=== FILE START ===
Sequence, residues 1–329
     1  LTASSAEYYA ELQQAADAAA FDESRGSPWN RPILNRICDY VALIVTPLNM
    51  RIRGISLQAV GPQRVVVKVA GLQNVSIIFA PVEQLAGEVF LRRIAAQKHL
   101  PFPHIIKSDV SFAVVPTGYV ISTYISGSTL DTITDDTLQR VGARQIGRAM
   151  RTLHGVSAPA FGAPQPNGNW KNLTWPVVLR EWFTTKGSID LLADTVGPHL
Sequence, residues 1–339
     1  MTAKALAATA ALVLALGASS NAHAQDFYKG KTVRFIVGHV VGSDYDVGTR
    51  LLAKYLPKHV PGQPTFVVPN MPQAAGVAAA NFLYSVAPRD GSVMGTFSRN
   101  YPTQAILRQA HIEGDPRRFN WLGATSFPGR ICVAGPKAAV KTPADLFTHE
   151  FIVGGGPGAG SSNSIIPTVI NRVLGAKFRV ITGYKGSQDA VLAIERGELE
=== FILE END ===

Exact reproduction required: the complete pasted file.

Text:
Sequence, residues 1–329
     1  LTASSAEYYA ELQQAADAAA FDESRGSPWN RPILNRICDY VALIVTPLNM
    51  RIRGISLQAV GPQRVVVKVA GLQNVSIIFA PVEQLAGEVF LRRIAAQKHL
   101  PFPHIIKSDV SFAVVPTGYV ISTYISGSTL DTITDDTLQR VGARQIGRAM
   151  RTLHGVSAPA FGAPQPNGNW KNLTWPVVLR EWFTTKGSID LLADTVGPHL
Sequence, residues 1–339
     1  MTAKALAATA ALVLALGASS NAHAQDFYKG KTVRFIVGHV VGSDYDVGTR
    51  LLAKYLPKHV PGQPTFVVPN MPQAAGVAAA NFLYSVAPRD GSVMGTFSRN
   101  YPTQAILRQA HIEGDPRRFN WLGATSFPGR ICVAGPKAAV KTPADLFTHE
   151  FIVGGGPGAG SSNSIIPTVI NRVLGAKFRV ITGYKGSQDA VLAIERGELE